Living in Los Angeles is, for many people, its own reward. Adding its myriad resources together with the academic quality of the David Geffen School of Medicine at UCLA can make for an irresistIble combination that is inviting to student with many different interests.
Heat and light
The sunshine is an undeniable draw. Native Angelenos often take it for granted, but those who hail from less-temperate parts of the country know that brightness is a precious commodity. According to data from the National Climatic Data Center, downtown Los Angeles logs an average of 292 sunny or partly sunny days each year. That makes LA the California city with the most sunshine.
Along with light, of course, comes warmth. USClimateData.com finds that Los Angeles boasts an annual high temperature of 71.7 degrees. Its annual low temperature is 55.9 degrees, and its average daily temperature is 63.8 degrees.
Reports that Los Angeles can get too hot typically have to do with the inland San Fernando Valley, which often registers about 10 degrees warmer than the rest of the region. Luckily, areas like the David Geffen School of Medicine at UCLA are located on the cooler side of the city, near the Pacific Ocean.
Venice Beach or Venice Family Clinic?
Broad, sandy beaches abound in Los Angeles, including Santa Monica Beach, Hermosa Beach and Manhattan Beach. Perhaps the most famous is Venice Beach, long renowned for its colorful street entertainment, including acrobats, jugglers, musicians and bodybuilders.
But medical school isn't quite a day at the beach, especially when spending less time at Venice Beach than at Venice Family Clinic, which operates 10 health centers on the west side of Los Angeles County. Venice Family Clinic, which serves more than 20,000 low-income and homeless residents each year, is staffed by many UCLA volunteer physicians. Many UCLA residents and medical students also donate their time to care for this underserved community.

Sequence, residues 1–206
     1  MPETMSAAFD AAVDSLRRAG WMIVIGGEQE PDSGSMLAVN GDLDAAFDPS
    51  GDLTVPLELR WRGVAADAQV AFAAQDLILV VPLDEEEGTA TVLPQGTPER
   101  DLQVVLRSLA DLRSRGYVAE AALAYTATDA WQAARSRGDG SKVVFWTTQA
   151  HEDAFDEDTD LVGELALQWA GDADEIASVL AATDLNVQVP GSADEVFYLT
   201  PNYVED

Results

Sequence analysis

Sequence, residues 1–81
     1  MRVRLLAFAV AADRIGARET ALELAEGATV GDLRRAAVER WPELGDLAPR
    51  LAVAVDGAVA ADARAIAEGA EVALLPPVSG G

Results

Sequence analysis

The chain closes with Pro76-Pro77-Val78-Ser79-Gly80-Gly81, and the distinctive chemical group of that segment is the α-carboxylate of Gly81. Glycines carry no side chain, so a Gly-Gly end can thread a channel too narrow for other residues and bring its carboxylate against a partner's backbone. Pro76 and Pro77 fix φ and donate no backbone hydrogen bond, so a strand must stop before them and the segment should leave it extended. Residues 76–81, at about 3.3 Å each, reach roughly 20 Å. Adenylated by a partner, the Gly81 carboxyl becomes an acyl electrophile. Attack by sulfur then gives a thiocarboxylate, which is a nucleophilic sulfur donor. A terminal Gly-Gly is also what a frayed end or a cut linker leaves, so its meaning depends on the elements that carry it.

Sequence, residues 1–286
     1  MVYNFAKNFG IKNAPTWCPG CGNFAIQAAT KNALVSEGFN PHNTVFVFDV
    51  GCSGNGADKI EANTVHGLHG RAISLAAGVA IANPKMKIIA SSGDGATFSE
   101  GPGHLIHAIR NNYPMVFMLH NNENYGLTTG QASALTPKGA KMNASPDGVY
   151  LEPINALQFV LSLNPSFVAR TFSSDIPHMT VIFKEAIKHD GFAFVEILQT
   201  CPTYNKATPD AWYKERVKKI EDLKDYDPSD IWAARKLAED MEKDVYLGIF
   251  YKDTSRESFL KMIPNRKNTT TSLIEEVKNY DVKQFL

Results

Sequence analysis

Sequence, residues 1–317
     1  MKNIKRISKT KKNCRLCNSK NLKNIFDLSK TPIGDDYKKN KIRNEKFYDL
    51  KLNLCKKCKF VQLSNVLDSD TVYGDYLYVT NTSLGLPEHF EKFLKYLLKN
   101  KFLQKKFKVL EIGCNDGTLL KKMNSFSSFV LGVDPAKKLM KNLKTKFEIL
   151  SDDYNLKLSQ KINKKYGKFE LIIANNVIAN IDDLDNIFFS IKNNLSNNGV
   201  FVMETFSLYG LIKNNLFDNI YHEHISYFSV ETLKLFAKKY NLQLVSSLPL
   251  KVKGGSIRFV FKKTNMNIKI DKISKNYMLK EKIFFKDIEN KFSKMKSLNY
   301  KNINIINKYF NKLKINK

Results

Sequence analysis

International cuisine, international patients
Even busy medical students need to eat, and Los Angeles is justly renowned for fresh, creative cuisine. Mexican, Italian, Eastern European, Persian, Korean and Chinese appetites will find appealing ethnic eats everywhere.
Angelenos hail from every corner of the globe, which is excellent news for physicians-in-training. Latinos predominate, and there are ample opportunities for students to acquire at least the basic Spanish-language skills and cultural sensitivity that are essential for well-prepared 21st-century physicians.
The Asian population also is large, with communities of Chinese, Taiwanese, Korean and Vietnamese immigrants. Enclaves like Little Armenia, Little Tokyo, Korea Town, Persian Square, and Little Ethiopia dot the city, each adding to the region's diversity.
When people think of Los Angeles, tourist attractions like Disneyland, the Hollywood sign and Rodeo Drive often are the first images to come to mind. Dig a little deeper, though, and newcomers are likely to find that the city's cultural richness and diverse populations make the most lasting impression.
And all that sunshine and balmy weather doesn't hurt, either.
By Darcy Lewis